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As a participant, not only should you contact the hosting club but I would definitely write a letter to the performing events of AKC outlining the events (I am sure the participants knew exactly what was going on). I would also venture to say that the word will get out and no one will want to run under that person again....I would give it one season and probably judging assignments will be pretty scarce.

With all of the fussing about how poor the MN tests and judges were/are, it would not surprise me to see harder/more unfair tests just to raise the standard by some who have no clue what they are setting up, how to judge fairly, and only have their interests in mind....building that reputation.
 

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If I were pitted with a Judge like that, it would be a nightmare.

My question is . . . Do I actually have the option of telling the Field Trial Committee that I refuse to judge and walk out on them at the last minute?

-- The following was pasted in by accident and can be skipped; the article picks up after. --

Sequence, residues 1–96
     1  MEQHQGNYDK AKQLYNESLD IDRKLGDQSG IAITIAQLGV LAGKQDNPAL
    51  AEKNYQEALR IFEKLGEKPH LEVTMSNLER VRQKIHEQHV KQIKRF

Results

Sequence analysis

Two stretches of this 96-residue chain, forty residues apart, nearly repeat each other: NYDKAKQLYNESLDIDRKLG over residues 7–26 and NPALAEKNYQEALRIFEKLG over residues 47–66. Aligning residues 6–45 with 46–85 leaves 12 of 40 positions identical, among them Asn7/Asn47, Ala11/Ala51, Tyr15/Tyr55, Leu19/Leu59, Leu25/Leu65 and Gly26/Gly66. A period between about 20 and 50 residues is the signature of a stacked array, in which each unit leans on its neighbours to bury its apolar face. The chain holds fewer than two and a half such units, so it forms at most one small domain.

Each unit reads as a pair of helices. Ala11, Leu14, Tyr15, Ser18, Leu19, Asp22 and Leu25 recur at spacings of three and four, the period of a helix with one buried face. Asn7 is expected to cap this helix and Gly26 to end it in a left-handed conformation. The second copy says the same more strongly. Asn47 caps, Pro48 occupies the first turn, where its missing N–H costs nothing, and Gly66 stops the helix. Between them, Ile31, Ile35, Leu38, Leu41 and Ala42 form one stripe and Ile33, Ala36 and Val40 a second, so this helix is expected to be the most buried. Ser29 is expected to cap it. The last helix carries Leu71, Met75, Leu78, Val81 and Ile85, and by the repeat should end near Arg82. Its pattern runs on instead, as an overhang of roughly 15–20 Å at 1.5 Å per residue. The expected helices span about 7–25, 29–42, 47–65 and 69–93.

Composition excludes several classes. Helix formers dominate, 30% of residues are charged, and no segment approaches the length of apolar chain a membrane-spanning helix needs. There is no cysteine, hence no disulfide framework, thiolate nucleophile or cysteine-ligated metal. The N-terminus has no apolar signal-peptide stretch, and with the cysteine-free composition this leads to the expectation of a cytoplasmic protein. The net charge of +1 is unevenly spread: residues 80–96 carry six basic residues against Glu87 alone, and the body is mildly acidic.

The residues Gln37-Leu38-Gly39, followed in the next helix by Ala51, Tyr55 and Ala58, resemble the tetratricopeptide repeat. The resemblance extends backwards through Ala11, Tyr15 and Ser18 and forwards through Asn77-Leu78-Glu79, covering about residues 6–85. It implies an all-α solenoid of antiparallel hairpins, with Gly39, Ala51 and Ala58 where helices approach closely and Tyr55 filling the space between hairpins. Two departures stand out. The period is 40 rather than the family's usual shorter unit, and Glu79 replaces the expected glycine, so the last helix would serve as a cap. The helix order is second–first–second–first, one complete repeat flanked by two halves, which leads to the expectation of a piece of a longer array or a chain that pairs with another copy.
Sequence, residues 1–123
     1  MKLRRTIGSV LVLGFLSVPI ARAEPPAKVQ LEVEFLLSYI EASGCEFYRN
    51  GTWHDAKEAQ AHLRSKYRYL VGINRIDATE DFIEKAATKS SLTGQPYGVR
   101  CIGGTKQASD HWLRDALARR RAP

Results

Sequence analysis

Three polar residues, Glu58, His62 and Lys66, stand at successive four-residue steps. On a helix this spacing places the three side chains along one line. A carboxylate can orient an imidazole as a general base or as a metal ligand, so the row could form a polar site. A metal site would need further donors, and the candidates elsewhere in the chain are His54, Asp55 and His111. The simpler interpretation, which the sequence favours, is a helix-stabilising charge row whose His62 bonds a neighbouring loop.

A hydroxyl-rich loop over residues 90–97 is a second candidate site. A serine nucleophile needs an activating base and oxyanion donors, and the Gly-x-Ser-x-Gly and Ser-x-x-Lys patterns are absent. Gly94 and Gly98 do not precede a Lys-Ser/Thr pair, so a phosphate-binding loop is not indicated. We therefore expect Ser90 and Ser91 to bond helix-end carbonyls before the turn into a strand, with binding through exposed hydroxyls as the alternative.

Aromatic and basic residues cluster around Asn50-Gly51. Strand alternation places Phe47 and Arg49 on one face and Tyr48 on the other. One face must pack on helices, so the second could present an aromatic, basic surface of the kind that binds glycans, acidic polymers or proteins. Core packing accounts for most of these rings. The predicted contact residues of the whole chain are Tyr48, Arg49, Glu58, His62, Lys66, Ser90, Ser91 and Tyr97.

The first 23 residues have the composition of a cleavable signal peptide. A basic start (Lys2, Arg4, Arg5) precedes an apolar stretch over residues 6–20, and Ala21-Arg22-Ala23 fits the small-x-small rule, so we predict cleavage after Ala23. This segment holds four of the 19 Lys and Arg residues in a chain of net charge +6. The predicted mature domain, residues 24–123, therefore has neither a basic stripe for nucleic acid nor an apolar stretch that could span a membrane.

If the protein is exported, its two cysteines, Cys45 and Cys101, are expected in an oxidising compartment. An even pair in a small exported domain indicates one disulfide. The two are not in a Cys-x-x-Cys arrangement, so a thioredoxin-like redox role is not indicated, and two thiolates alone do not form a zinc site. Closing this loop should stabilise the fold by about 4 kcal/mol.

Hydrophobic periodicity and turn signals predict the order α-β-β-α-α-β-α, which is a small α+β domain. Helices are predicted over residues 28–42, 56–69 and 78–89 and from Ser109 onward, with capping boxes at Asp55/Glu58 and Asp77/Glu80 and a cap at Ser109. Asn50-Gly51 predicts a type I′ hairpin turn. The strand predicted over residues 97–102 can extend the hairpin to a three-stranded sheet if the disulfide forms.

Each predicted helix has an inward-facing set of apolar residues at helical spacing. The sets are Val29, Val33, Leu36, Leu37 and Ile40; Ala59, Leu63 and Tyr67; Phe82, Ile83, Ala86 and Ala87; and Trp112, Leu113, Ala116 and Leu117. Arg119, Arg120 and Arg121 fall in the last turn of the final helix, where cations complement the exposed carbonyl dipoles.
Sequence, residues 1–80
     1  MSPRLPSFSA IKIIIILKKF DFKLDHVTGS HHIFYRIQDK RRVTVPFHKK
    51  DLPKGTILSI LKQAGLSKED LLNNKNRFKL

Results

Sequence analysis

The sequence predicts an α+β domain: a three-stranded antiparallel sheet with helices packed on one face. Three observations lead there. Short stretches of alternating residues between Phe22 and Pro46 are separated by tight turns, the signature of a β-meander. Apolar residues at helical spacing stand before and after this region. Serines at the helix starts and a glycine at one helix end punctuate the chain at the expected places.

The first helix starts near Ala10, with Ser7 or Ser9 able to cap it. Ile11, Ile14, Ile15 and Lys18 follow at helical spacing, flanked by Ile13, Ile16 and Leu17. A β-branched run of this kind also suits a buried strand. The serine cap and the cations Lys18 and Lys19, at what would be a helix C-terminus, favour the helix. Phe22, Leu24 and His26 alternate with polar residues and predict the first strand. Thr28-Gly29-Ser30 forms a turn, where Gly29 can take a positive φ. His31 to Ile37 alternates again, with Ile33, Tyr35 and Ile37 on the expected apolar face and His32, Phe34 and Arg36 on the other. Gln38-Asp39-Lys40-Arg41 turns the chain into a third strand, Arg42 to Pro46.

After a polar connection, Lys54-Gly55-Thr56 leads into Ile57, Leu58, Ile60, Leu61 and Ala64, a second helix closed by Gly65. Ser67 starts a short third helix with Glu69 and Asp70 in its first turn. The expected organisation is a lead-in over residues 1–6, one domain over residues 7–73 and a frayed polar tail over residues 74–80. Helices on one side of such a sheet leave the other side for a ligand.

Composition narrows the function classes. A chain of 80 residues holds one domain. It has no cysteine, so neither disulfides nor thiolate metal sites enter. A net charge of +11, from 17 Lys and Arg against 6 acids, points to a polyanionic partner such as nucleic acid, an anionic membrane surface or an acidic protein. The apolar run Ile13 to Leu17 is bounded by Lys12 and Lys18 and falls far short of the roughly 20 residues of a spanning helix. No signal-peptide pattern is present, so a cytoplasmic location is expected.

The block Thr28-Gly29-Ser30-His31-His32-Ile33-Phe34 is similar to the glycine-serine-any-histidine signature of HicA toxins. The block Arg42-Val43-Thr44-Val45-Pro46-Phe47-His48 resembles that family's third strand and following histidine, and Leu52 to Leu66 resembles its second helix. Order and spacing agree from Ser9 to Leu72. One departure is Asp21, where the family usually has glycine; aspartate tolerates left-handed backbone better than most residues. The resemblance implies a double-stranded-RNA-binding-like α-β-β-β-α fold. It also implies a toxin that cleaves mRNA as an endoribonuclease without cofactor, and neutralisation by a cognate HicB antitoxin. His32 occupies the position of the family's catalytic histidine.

I have 2 Minor (Derby) and 1 Major (Open) judging points but they are from nearly 20 years ago. In today's game, I am considered a *newcomer*. My dog has 2 Derby places and one Qual JAM and we are running competitively in AA stakes, although we haven't finished any of the three Amat stakes we've run in. I'm sure this Judge would be well aware of all that and would try to ram his ideas down my throat and brush me and my ideas off like a fly.

You didn't say how many points this Judge had or how much experience s/he had or whether this was HT or FT, but I am just guessing that s/he's been around the FT game long enough to have run in AA stakes where s/he felt s/he was royally screwed and long enough to have accumulated enough points where s/he felt s/he was the "more experienced" judge and, as such, should run the show. Correct me if my guess is wrong.

If I caved in to all this Judge's demands and quirks just to get the stake going, I can see two things happening to me personally. First - if the handlers know how this person was - I could get the reputation of being a spineless co-judge with no opinions of my own. Second - if the handlers did not know how this person was - I could get the reputation of being the a$$hole Judge. Either way, you can bet no amount of my trying to explain the situation "after the fact" would mediate the opinions of me and my judging abilities formed during the trial.